The roadside sunflowers aren't blooming yet, but you can bet they'll be in my table bouquet when they do.

Sunday, June 20, 2021

Snapshots: The Magic Carpet Ride

And by "magic carpet," I mean "our gigantic van." Or something. 

Whatever. I like this song and thought of it as I was writing a title, so there you go.

And here we go, on a photo timeline of our roadtrip to and from Tucson. Whee!

Although the drive to Tucson can be done in one long day, it's much more bearable with children to split it up over two days. We left around 8 a.m. on Thursday and drove the majority of the way the first day, stopping in the mountains in the Gila National Forest outside of Silver City.

There were lots of trees and a little stream nearby. Even a pit toilet. 

Listen, I take when I can get when I'm on a family roadtrip.

In all seriousness, it was a very nice campsite.

Because I am a high-maintenance princess, I insisted that A. bring the tent. He doesn't bother with such frippery when he goes camping with the kids, but after our raccoon adventure a couple of years ago, I vowed that never again would I sleep under the stars unless it was the direst of circumstances. 

We did have one not-too-close neighbor--a guy who has spent the last five years riding his bicycle around and was on his way to work at a Renaissance Festival in Colorado--but he was nice and didn't seem to mind the occassional visits from the dogs.

The dogs are on high alert at all times, but particularly at night when they're camping with us. They spent the night patrolling the perimeter of our campsite and barking at whatever they heard or smelled. Unfortunately, this included a skunk that came to visit the stream at about 3 a.m. I'm sure it would have just wandered away without bothering us, but Jasper took it upon himself to chase it away. With the predictable result.

He was a bit, um, fragrant for the rest of the trip.

With the two dog crates in the back of the van, we actually didn't have much room in the cargo area in back for the camping gear. We have a car-top carrier, though, so A. used that for the sleeping bags and so on. Of course, the car-top carrier is really meant to be used on an actual car with a reachable top, not our giant van.

This meant that every day, A. had to climb up on top of the van to re-pack the carrier.

This is a peak Dad on a Family Roadtrip moment, right here.

We still had a few hours to drive before we got to Tucson, so we stopped once in Bowie, Arizona, for a break.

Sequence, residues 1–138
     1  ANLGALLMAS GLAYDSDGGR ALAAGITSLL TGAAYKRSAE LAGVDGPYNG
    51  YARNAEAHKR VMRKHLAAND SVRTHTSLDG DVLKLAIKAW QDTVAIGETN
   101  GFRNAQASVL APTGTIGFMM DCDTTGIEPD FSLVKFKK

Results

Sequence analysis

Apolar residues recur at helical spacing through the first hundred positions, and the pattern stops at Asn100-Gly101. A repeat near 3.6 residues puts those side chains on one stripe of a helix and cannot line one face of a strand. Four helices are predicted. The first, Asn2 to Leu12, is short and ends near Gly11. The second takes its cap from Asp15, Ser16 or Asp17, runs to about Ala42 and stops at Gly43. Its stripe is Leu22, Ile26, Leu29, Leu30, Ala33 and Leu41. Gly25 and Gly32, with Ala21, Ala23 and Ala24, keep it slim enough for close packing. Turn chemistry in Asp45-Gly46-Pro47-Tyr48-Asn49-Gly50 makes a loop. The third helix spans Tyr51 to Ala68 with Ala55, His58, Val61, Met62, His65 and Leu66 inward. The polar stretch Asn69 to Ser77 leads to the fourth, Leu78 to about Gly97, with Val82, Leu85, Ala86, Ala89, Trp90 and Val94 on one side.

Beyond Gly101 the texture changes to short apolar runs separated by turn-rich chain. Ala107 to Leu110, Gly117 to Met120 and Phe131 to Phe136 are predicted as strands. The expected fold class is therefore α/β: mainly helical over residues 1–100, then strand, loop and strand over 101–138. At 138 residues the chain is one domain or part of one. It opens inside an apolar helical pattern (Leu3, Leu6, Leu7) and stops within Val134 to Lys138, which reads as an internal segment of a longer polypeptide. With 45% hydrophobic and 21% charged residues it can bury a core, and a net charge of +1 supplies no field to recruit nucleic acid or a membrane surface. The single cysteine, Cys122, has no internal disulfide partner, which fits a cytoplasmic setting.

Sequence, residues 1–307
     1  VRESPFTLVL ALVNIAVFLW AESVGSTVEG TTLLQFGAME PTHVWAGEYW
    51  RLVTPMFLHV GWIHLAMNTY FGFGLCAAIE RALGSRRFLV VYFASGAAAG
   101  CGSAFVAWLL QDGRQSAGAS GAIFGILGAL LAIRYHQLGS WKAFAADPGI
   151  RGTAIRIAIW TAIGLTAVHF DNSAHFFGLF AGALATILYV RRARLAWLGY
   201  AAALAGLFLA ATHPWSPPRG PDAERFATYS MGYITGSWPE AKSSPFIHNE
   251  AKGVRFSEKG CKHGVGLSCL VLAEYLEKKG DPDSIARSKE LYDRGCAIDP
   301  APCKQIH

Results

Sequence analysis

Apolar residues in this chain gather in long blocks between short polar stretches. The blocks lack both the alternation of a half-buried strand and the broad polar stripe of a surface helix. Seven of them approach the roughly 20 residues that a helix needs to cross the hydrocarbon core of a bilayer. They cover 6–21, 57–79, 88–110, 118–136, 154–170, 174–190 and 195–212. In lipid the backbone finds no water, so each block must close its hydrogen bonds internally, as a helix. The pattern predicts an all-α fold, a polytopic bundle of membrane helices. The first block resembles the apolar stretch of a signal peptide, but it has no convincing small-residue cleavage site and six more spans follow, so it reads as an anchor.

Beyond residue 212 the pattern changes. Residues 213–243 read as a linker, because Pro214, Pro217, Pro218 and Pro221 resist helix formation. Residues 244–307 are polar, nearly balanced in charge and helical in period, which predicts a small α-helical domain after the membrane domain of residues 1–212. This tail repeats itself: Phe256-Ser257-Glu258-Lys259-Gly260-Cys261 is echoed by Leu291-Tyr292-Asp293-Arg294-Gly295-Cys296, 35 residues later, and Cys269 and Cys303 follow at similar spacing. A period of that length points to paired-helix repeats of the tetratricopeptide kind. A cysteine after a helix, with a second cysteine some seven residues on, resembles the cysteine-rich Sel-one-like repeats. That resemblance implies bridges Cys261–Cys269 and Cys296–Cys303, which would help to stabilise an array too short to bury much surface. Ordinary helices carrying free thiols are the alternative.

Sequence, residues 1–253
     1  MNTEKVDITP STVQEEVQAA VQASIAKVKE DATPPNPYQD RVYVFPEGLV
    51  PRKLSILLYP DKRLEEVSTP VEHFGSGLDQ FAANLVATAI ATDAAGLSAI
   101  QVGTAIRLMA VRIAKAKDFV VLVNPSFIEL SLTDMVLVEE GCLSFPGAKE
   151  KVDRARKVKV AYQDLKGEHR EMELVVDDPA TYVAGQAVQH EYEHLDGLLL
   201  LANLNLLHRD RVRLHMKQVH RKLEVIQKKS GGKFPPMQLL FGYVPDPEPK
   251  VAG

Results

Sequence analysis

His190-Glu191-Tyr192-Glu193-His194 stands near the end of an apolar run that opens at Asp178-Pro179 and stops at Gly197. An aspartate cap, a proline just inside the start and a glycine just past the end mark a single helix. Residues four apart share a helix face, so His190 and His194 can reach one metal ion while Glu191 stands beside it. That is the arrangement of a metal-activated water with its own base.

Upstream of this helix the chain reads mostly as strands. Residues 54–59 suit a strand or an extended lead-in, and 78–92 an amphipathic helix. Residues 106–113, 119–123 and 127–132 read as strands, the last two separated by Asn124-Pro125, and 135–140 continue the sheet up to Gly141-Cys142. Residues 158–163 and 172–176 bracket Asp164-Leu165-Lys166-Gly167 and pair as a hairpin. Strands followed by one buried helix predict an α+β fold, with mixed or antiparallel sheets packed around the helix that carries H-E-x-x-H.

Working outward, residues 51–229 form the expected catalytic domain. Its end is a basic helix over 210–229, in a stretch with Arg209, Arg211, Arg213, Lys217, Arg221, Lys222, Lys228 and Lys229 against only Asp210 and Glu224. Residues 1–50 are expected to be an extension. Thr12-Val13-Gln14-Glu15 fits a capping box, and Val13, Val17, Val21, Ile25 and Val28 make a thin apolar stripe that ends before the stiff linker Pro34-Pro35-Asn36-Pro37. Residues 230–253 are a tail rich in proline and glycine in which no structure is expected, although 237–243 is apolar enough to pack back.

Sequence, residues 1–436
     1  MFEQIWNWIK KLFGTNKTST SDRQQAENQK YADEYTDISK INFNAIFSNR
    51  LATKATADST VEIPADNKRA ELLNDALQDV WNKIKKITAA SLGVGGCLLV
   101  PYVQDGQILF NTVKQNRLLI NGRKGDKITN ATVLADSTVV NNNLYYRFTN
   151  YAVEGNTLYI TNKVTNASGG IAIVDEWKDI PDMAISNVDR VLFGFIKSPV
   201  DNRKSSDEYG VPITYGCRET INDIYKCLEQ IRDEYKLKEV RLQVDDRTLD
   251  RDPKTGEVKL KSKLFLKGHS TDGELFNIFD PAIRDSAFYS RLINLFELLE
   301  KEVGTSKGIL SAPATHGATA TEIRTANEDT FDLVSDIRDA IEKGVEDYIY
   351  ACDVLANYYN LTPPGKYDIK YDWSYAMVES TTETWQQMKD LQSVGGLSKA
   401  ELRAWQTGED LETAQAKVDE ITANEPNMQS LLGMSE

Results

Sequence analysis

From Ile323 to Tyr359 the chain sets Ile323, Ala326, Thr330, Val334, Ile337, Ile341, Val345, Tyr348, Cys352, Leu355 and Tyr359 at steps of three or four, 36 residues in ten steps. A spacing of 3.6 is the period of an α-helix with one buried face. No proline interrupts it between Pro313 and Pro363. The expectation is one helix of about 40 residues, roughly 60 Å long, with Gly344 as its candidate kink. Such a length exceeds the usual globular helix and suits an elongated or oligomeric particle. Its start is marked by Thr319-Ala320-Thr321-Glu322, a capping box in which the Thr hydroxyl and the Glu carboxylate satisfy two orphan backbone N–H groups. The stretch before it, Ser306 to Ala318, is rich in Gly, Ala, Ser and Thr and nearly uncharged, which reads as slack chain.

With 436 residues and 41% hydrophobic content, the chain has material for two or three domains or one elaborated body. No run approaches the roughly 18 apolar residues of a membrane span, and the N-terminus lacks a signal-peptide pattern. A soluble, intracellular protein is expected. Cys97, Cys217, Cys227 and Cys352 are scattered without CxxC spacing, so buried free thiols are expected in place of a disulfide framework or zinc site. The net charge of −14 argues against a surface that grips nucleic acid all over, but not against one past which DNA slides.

The village playground was . . . spartan.

The playground was also adjacent to a chainlink fence surrounding a house at which lived two HUGE bulldogs. Which we discovered when we let our dogs out of their crates and the bulldogs launched themselves at the fence. 

There then followed a frantic few minutes of A. throwing our dogs back in the van and me throwing our kids back in the van so we could find somewhere to eat lunch that wouldn't result in a dog fight.

We did go to the school playground, but it was so hot, the kids played for about ten minutes and then we got back in the car and they ate their lunch while we drove.

The house I rented on Airbnb was very, very nice.

A bit more luxurious than our previous night's lodging.

The house was on the east side of Tucson, in an area of larger properties, many with horses. This house was on fifteen acres, which included a path that leads to a large wash. I took the dogs on a walk to the wash every morning.

The path led through an old mesquite forest, and it was really cool. Literally cool, too--only around 60 degrees at dawn, even on days that got to 112 degrees.

Well, technically before dawn--around 5 a.m.

There was a walled-in backyard where I would sit and have my coffee after walking the dogs.

Coffee time with dogs.

During the day, when we were gone at the gathering for my brother-in-law's celebration of life, the dogs were put in their crates in the air-conditioned house. It was over 110 degrees every day we were there. Too hot for them to be outside that much during the middle of the day.

I placed the crates so they couldn't see each other. Odin was a little bit anxious during the trip, which manifested in snarling at his brother.

It was, in short, the perfect house for our family. Only about 20 minutes from the places we needed to go, but rural enough that it was relaxing for us country mice.

We had to check out on Sunday morning at 10 a.m., and we spent the morning with the members of A.'s family that live in Tucson, so it was a late start to our drive. We were planning on stopping earlier in the day to set up camp, but we ran into some terrible weather at that point in the day. It was hot and windy, dusty (or smoky--couldn't tell), with ominous clouds near the mountains. So we kept driving until we were out of it.

Unfortunately, that meant we drove until just after the sun had set. We camped on Bureau of Land Management land just a few hours from home, in the middle of the range. (Ranchers can lease BLM land, but anyone can camp on it.) We were just a few miles from the main road, but it was very quiet and pretty nice out there. 

No skunks, either.

We made it home by 9:30 the next morning. Everyone was very ready to be out of the car by then and very happy to be home.

And there you have it! Our trip, snapshotted.